Rockets fired by Iran-backed Houthi rebels in Yemen struck and badly damaged a United Arab Emirates ship traveling through a strategic Red Sea waterway on Saturday, the Long War Journal reported.
U.S. officials told Fox News on Monday that the weapons used in the attack were supplied by Iran.
The Bab-el-Mandeb Strait is a strategic chokepoint between the Red Sea and the Gulf of Aden. More than 4.7 million barrels of oil passed through the waterway daily in 2014.
The UAE is a member of the Saudi-led anti-Houthi coalition, which has been seeking for the past two years to recapture the capital Sanaa from the rebels and restore deposed Yemeni President Abbed Rabbo Mansour Hadi to power. The United Nations has identified Yemen as a “humanitarian crisis,” reporting that more than 10,000 people, including 3,800 civilians, were killed between March 2015 and August 2016.
The UAE foreign ministry stated that several crew members were injured during the incident, though none were killed. The UAE called the attack an act of terrorism. The UN Security Council also condemned the attack, as did the U.S. State Department, which asserted that the U.S. “remains committed to upholding freedom of navigation through the Bab al-Mandeb.” The U.S. Navy subsequently deployed three war ships to the strait: the USS Mason, the USS Nitze, and the USS Ponce. The Ponce can deploy special operations forces as necessary.
Iran’s extraterritorial militia, the Islamic Revolutionary Guard Corps (IRGC), has reportedly been supplying the Houthis with both rockets and missiles. U.S. forces have intercepted at least four arms shipments from Iran to Yemen, including most recently in March.
Secretary of State John Kerry expressed concern over the shipments in August, calling them “not a threat just to Saudi Arabia; it is a threat to the region, it is a threat to the United States, and it cannot continue.”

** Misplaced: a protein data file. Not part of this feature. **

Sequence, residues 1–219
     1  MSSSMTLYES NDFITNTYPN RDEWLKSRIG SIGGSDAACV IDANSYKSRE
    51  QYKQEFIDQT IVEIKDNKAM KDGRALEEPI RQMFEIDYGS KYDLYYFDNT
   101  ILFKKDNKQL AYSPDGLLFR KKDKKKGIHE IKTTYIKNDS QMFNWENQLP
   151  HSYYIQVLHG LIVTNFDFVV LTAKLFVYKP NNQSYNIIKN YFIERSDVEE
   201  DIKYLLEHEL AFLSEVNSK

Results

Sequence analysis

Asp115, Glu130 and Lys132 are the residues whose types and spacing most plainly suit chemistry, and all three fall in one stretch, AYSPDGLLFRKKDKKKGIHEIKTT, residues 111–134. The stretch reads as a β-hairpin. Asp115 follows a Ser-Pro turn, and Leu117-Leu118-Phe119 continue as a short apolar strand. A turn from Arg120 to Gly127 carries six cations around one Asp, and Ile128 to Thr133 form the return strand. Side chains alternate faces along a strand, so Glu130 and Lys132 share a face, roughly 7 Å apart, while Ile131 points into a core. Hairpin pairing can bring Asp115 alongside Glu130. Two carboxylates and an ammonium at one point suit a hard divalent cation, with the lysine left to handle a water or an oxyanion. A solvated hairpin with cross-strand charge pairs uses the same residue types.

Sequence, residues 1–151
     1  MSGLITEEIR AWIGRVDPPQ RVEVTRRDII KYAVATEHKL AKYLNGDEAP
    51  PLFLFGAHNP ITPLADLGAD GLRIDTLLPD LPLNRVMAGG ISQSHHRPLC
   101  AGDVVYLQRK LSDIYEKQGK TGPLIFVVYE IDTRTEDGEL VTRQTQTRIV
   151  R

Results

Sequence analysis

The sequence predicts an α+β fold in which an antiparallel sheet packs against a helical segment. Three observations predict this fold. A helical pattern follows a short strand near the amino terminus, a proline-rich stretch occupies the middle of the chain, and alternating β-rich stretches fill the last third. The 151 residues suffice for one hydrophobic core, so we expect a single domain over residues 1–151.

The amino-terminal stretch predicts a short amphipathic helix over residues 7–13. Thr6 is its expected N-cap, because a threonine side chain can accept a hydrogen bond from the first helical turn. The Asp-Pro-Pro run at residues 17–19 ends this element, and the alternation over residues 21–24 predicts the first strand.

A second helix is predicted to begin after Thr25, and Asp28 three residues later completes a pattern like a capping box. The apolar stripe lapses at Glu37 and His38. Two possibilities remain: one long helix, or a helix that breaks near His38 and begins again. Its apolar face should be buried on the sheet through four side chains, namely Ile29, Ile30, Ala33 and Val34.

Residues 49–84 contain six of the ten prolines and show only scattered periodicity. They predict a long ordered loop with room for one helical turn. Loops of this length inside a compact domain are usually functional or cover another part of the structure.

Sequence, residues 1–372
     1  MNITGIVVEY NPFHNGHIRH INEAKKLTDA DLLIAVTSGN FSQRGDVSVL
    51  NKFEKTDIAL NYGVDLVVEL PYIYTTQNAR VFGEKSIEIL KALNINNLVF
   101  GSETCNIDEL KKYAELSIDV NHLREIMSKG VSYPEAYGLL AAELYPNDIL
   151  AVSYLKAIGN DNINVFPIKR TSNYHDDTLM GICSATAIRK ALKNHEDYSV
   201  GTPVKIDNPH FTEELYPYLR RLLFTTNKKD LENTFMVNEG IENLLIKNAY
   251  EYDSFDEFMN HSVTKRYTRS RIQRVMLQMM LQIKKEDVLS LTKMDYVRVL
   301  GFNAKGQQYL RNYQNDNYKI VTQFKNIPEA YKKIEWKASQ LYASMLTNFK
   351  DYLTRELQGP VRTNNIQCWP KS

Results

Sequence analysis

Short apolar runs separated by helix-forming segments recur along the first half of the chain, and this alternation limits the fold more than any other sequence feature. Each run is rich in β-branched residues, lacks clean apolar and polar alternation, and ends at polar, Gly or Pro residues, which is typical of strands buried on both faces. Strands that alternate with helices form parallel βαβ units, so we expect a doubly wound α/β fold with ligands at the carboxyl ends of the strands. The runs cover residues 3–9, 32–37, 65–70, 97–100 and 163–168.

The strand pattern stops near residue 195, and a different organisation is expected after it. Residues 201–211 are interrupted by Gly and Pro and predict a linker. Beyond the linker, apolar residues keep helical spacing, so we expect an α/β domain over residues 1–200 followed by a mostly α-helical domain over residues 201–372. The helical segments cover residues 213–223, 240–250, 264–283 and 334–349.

Iran, and specifically the IRGC, has also stepped up its aggressive naval behavior in the Persian Gulf.
Ten American sailors and their two boats were seized by IRGC naval forces in January of this year in violation of international law. Iran portrayed their capture as a victory against the U.S., releasing the sailors after claiming that Washington apologized for the incident. Khamenei proclaimed that the naval forces who captured the sailors did “God’s deed” and issued medals to the commanders involved, while the IRGC announced plans to build a statue to commemorate the seizure.
In May, the IRGC’s deputy commander threatened to close the Gulf’s strategic Straits of Hormuz to the U.S. and its allies if they “threaten us,” adding: “Americans cannot make safe any part of the world.”
The U.S. Navy reported last month that there were nearly 300 encounters or “interactions” between American and Iranian naval vessels in the Persian Gulf in 2015. While most of the encounters were not considered to be harassment, the behavior of the Iranian navy was found to be less disciplined than that of other navies. Lt. Forrest Griggs, the operations officer of the USS New Orleans, explained that risks arise from the unpredictable behavior and uncertain intent of the Iranian vessels. “It’s very common for them to come up to within 300, 500 yards of us, and then they’ll turn, or parallel us and stop,” he told Fox.
Vice Adm. Kevin Donegan, the commander of the Navy’s Fifth Fleet, observed in November that Iran’s “malign behavior” at sea had not changed since the announcement of the nuclear deal four months earlier.
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